Full TGIF Record # 309595
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Web URL(s):https://scisoc.confex.com/scisoc/2019am/meetingapp.cgi/Paper/122519
    Last checked: 12/05/2019
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Publication Type:
Content Type:Abstract or Summary only
Author(s):Reid, Christopher; Wu, Yanqi; Fontanier, Charles Henry
Author Affiliation:Reid: Plant and Soil Science, Oklahoma State University, Stillwater, OK; Wu and Fontanier: Oklahoma State University, Stillwater, OK
Title:Molecular genetic variability of bermudagrass collected in the transitional and northern US
Section:C05 turfgrass science
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Molecular techniques, genetics and plant breeding oral (includes student competition)
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Meeting Info.:San Antonio, Texas: November 10-13, 2019
Source:ASA, CSSA and SSSA International Annual Meetings. 2019, p. 122519.
Publishing Information:[Madison, Wisconsin]: [American Society of Agronomy, Crop Science Society of America, and Soil Science Society of America]
# of Pages:1
Keywords:TIC Keywords: Cold resistance; Cynodon dactylon; DNA extraction; Genetic markers; Genetic variability; Simple sequence repeats; Transition zone
Geographic Terms:Northern United States
Abstract/Contents:"Bermudagrass (Cynodon spp.) is the most widely cultivated warm-season turfgrass. Cynodon dactylon (L.) Pers. var. dactylon has demonstrated high variability in genotypic adaptation to low winter temperature. In the transition zone, the northern portion especially, managed bermudagrass often succumbs to low temperature winterkill, although bermudagrass has naturalized in areas much colder than the current use range. In order to better understand the genetic basis of naturalized cold tolerance in bermudagrass it is important to understand the genetic variability between naturalized germplasm from across the northern edge of the transition zone and the southern portion of cool-season zone. Twenty-three samples were collected from across the northern transition zone of the United States and compared to five bermudagrasses from similar climates across the world and four commercial standards. The bermudagrass DNA samples were extracted from young leaves separately, and forty-six SSR markers were used to genotype the samples for revealing genetic relatedness in the naturalized bermudagrass."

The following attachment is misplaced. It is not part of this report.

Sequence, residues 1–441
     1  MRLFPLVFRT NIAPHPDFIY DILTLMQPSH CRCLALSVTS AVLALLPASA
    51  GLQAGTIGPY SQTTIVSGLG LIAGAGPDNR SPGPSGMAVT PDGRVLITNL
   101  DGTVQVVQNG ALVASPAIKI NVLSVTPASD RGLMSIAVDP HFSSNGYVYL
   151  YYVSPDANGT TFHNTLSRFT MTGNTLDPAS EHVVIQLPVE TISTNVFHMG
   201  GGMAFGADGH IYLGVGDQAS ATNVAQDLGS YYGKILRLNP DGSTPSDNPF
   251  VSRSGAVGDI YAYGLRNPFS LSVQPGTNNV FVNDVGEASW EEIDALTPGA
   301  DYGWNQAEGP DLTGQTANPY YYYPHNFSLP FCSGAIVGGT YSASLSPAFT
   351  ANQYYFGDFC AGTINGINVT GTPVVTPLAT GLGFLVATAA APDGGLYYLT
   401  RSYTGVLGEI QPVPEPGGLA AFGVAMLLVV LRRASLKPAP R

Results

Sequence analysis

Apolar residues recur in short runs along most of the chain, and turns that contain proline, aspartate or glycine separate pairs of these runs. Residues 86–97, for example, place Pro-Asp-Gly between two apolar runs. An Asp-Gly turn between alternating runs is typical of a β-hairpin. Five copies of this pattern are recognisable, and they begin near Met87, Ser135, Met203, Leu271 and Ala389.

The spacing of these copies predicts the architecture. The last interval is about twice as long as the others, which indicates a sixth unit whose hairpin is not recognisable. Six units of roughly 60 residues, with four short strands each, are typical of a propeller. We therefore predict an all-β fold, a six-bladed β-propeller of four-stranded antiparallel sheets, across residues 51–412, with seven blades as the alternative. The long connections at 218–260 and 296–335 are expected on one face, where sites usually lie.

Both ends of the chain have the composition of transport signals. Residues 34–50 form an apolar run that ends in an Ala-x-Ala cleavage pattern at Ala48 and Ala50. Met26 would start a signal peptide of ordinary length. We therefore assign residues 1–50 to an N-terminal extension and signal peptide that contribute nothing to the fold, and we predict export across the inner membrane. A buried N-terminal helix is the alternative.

Note:This item is an abstract only!
ASA/CSSA/SSSA Citation (Crop Science-Like - may be incomplete):
Reid, C., Y. Wu, and C. H. Fontanier. 2019. Molecular genetic variability of bermudagrass collected in the transitional and northern US. Agron. Abr. p. 122519.
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